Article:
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How to check battery amperage output

Updated February 21, 2017

Battery capacity is measured in amp hours (Ah) or milliamp hours (mAh), depending on the type of battery. Small batteries, such as AA batteries, are measured in mAh, while deep-cycle lead-acid batteries, fitted in items such as golf carts and wheelchairs, are measured in Ah. Both refer to the time a battery can last, when it's fully charged, but as the battery discharges, so the mAh or Ah decreases. A good method to determine the charge retained in your battery is to check the amperage output using a multimeter.

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  1. Look for the label on the side or top of your battery to find out the Ah your battery delivers, when it's fully charged and in good condition. For example, a deep cycle battery may have 12V 50Ah on the label, meaning it produces 12 volts and 50 amp hours.

  2. Turn on the multimeter. Check that the jacks on the ends of the two wires to the meter are inserted in the Ah jack sockets on the meter, if your meter has several sockets, or set it to measure Ah by turning the dial to the appropriate setting or by pressing the Ah button. Refine the Ah setting to a range that fits the Ah on the battery's label. For example, if the label says 50Ah, then set the range between 0 and 60Ah.

  3. Connect the metal alligator clip on the end of the black wire from the meter onto the negative terminal of the battery; it's likely to be labelled "-" or "Neg." If the meter doesn't have clips then you need to hold the sensor onto the terminal.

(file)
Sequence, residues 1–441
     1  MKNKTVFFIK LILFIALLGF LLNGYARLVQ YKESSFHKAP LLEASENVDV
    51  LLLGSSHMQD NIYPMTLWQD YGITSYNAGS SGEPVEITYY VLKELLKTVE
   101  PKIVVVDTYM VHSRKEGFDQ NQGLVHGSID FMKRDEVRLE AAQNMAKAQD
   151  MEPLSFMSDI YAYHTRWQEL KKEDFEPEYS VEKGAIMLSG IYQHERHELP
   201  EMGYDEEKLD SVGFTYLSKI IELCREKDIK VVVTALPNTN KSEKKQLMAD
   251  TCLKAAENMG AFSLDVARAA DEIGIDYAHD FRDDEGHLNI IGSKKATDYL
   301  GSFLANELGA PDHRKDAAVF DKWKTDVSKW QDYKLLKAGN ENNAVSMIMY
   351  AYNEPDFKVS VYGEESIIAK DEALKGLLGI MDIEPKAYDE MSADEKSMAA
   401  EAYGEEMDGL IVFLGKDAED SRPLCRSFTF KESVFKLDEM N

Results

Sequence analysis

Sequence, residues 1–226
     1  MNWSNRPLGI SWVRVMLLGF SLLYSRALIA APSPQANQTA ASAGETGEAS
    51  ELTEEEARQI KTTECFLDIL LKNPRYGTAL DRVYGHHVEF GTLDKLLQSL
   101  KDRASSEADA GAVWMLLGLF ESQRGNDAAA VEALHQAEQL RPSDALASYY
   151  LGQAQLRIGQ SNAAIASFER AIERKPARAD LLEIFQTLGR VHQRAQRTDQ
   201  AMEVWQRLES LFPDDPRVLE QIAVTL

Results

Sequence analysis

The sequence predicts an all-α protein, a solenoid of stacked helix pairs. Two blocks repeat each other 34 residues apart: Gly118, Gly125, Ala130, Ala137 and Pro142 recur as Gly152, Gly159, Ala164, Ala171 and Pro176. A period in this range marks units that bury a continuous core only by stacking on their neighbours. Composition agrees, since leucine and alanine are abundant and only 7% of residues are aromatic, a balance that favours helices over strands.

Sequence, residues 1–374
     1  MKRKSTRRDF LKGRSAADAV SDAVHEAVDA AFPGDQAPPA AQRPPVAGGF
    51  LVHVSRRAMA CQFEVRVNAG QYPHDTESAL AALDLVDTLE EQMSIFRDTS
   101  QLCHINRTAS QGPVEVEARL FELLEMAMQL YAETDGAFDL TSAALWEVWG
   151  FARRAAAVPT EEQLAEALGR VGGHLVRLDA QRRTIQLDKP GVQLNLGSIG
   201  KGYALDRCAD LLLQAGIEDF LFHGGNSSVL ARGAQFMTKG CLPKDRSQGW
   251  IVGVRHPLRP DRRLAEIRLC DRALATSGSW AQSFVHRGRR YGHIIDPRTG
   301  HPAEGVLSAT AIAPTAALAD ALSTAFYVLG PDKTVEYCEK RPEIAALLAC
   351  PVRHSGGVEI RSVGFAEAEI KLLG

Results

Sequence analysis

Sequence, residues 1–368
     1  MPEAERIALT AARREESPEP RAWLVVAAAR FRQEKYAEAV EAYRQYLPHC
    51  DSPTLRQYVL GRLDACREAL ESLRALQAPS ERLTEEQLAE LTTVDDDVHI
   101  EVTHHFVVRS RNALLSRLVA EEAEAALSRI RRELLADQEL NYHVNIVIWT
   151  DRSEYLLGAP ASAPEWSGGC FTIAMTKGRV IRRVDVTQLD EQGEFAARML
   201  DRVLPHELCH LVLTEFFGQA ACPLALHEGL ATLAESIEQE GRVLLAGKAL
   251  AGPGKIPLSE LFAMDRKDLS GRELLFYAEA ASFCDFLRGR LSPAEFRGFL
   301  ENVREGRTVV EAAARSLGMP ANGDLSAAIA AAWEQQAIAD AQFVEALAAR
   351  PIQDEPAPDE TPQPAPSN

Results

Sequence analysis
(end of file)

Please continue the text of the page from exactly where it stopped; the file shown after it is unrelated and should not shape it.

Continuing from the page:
4. Connect the other alligator clip on the end of the red wire from the meter onto the positive terminal of the battery, or hold the metal sensor on the terminal; it's labelled "+" or "Pos."

  5. Look at the reading on the meter display. The reading matches the battery label, if it's fully charged. You can work out the percentage charge in your battery by using a calculator to divide the meter reading by the figure on the battery's label and then multiplying the result by 100. For example, if the meter reading is 20, then 20 divided by 50 equals 0.2, multiplied by 100 equals 20, meaning you have 20 per cent capacity remaining.

  6. Use a calculator to work out how long your battery will power your electrical device by checking the amperes on the label on the electric motor or device that the battery powers. For example, if the device consumes 5Ah and the reading on the meter is 20Ah, divide 5 into 20 to get 4, meaning your battery will power your device for 4 hours.

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Things You'll Need

  • Multimeter
  • Calculator

About the Author

James Stevens has been writing articles for market research companies in the U.K. since 1990. He has written various country profiles for inclusion in comprehensive market reports including Vision One Research and Investzoom Market Research. Stevens holds a General Certificate of Education from Chelmsford College of Further Education.

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